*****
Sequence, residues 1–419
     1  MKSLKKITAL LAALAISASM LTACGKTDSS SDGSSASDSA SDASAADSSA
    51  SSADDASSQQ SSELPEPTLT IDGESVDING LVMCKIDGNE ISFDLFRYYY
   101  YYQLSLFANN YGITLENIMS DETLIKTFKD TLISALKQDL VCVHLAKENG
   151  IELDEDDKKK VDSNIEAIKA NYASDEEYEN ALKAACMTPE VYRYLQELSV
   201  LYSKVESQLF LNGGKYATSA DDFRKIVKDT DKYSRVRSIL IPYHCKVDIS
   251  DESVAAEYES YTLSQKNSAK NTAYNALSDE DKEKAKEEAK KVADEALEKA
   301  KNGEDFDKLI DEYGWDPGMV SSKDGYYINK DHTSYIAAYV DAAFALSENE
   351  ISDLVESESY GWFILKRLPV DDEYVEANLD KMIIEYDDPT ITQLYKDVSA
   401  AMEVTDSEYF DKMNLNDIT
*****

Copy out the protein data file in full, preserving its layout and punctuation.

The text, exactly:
Sequence, residues 1–419
     1  MKSLKKITAL LAALAISASM LTACGKTDSS SDGSSASDSA SDASAADSSA
    51  SSADDASSQQ SSELPEPTLT IDGESVDING LVMCKIDGNE ISFDLFRYYY
   101  YYQLSLFANN YGITLENIMS DETLIKTFKD TLISALKQDL VCVHLAKENG
   151  IELDEDDKKK VDSNIEAIKA NYASDEEYEN ALKAACMTPE VYRYLQELSV
   201  LYSKVESQLF LNGGKYATSA DDFRKIVKDT DKYSRVRSIL IPYHCKVDIS
   251  DESVAAEYES YTLSQKNSAK NTAYNALSDE DKEKAKEEAK KVADEALEKA
   301  KNGEDFDKLI DEYGWDPGMV SSKDGYYINK DHTSYIAAYV DAAFALSENE
   351  ISDLVESESY GWFILKRLPV DDEYVEANLD KMIIEYDDPT ITQLYKDVSA
   401  AMEVTDSEYF DKMNLNDIT